“This is RuPaul's best friend race!” exclaims Alexis Michelle as three or four other RuPaul's Drag Race contestants kiss and make up in the workroom. What happens when queens all get along? Producers manufacture drama, silly. And, even for a show that wears its fabrications and intentionality on its rhinestoned sleeve, the machinations start to seem just a touch mannered. Following a series of episodes that effortlessly drew personality (or lack thereof) from a cast that seems more look-oriented than personality-dependent, the fifth episode of the show's ninth season is a marked regression. And not only because I now, after all these blessed years, am forced to finally write the names of all the Kardashians, a situation for which it will take me some time to forgive Mama Ru.
Eureka O'hara (#1–10 of 4)
For whatever qualms longtime fans of RuPaul's Drag Race may have about season nine's streamlining, at least the challenges remain extraordinarily well placed. Or, as Phi Phi alleged in the embittered aftermath of All-Stars, the producers know exactly what they want and how to get it. Just as the queens are getting to that Real World zone where they've stopped being polite and started serving up realness, they're thrown into a morning-news-show challenge that forces them to slap a mealy grin on their simmering tensions. And it's more of a failure than a success, but in this context, bad TV makes for excellent TV. Or, at least, a train wreck comparable to Kathie Lee & Hoda.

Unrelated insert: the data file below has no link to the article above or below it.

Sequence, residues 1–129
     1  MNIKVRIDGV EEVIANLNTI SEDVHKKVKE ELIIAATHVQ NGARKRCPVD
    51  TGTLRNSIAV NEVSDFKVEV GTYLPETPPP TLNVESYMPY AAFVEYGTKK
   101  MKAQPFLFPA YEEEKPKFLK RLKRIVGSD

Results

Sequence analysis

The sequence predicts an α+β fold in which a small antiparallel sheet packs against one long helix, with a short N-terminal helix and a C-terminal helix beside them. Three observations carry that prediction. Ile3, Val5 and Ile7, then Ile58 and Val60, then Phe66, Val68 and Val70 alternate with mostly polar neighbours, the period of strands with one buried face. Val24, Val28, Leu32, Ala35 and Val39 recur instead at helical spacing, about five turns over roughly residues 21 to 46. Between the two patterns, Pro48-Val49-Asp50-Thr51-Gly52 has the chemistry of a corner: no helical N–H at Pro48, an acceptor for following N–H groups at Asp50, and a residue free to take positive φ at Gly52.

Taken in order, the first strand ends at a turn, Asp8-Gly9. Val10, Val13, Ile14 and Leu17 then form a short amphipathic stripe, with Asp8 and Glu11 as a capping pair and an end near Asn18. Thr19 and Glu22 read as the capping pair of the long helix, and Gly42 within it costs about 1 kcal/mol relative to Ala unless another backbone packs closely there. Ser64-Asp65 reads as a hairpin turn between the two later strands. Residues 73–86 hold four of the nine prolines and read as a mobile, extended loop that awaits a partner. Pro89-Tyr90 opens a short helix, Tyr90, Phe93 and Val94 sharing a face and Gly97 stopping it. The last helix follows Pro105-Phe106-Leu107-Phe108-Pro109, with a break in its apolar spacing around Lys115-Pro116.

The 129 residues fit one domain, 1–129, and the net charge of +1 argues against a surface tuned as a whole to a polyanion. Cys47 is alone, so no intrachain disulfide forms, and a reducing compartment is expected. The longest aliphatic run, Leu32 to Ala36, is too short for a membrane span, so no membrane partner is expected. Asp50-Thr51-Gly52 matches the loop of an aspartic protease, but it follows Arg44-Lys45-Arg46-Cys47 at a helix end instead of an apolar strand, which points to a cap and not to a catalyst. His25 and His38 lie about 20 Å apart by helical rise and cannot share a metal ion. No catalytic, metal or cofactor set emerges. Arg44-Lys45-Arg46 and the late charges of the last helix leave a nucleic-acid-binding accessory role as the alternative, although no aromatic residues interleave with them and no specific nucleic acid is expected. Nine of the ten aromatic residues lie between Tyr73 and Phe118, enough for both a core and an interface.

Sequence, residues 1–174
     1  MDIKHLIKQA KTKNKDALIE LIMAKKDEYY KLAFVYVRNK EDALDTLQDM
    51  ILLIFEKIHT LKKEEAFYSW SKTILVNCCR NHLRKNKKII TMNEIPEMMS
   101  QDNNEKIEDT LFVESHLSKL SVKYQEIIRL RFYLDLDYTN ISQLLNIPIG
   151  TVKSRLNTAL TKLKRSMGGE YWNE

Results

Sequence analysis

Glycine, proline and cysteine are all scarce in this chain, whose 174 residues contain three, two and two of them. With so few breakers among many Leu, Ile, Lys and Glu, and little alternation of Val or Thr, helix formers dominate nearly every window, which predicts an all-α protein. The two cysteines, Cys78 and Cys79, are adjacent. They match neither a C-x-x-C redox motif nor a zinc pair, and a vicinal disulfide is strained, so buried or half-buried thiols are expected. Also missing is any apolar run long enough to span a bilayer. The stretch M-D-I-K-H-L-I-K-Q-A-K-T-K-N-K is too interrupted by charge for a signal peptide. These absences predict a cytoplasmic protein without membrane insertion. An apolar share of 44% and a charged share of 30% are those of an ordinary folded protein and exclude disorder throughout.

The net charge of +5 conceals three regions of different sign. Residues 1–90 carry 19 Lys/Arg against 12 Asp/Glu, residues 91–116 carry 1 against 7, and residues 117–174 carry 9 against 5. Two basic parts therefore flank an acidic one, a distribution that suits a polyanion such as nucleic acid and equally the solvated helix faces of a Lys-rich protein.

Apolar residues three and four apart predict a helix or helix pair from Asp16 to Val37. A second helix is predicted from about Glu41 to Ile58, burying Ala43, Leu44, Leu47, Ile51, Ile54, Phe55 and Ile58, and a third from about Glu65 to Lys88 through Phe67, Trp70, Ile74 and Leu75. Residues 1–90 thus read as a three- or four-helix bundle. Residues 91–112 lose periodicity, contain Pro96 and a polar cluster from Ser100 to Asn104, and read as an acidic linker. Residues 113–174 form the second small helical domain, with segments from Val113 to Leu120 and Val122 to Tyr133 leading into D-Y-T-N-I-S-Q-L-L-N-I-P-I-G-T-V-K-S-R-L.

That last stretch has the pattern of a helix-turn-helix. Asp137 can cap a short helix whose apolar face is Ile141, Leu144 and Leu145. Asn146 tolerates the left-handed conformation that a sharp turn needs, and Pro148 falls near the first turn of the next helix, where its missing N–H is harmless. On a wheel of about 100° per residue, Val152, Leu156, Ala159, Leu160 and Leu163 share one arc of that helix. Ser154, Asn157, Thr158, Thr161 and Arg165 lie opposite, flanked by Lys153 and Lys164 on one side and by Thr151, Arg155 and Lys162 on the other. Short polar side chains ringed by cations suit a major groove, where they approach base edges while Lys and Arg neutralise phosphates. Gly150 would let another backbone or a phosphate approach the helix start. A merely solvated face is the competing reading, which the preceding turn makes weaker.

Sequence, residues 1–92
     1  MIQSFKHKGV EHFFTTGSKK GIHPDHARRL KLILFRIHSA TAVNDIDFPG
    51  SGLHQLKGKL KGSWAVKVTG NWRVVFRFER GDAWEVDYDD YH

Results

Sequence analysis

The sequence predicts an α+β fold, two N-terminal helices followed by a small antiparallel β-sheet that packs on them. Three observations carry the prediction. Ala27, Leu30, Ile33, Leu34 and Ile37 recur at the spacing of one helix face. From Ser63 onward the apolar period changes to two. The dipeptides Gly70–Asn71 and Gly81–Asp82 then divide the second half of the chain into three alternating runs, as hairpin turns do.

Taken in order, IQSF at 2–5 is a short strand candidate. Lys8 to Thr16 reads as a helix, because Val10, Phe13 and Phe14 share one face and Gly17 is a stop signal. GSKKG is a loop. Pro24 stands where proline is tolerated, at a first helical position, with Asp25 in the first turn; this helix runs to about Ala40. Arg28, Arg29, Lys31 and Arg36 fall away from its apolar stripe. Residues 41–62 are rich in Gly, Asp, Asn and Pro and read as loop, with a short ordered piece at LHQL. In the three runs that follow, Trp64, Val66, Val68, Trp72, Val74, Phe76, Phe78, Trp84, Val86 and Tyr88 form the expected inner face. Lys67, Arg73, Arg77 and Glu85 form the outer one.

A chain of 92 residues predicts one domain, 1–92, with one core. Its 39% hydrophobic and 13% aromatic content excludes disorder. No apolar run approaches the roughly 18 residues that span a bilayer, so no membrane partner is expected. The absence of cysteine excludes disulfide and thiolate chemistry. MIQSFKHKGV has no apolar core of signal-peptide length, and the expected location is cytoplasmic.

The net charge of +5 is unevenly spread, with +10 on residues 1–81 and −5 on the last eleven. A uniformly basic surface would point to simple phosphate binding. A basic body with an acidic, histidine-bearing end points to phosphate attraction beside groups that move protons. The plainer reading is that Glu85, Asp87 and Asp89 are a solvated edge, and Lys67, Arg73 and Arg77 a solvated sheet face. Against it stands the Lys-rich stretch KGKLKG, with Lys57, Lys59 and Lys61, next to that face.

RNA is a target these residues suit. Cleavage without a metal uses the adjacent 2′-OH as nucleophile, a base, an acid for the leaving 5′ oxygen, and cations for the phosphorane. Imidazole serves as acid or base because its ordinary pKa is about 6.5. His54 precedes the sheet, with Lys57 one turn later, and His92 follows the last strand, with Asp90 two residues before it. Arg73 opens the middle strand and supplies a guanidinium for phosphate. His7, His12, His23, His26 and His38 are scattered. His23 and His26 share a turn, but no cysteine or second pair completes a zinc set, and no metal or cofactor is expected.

I'm neither the first nor the last person to point out that, nine seasons in, there are some RuPaul's Drag Race contestants who were in their formative years when the series was first making waves, contestants who've quite literally always known drag in a mainstream context. We caught an early, often irritating example of that in season six with the finger-wagging, tongue-snapping, “OK-r-r-r-r”-ing Laganja Estranja, but you always had a sense in her case that the drag persona was the result of an internalized split, and that the drag persona for 'Ganj was a brassy form of wish fulfillment. But Valentina's win in last week's episode feels like the next evolutionary step in the process. And, thankfully, RuPaul's ready with a challenge that helps restore balance between the Valentinas of the competition, for whom drag is an almost subconscious element of their DNA, and the Eurekas or Trinitys, who are paying their dues and letting the world know it.
Opulence! O-P-U-L-E-N-C-E! You'd think season nine of Rupaul's Drag Race would have it rough matching up to the show's still-ballooning legacy. Season eight maybe didn't mark itself as distinctive in many respects, but it at least afforded itself the chance to dance like Beyoncé in the end zone about reaching 100 episodes/100 queens. But the recent All Stars season truly elevated the entire Drag Race universe to new levels of sickening. Even fresh off the heels of Mama Ru's Emmy win, though, apparently World of Wonder still has something to prove on the runway. Why else would the franchise shantay its slot all the way from Mondays on Logo (the perfect time to commemorate the total evaporation of a weekend's worth of hangover) to Friday nights on VH1? (Cue the shade rattlesnake sound cue.)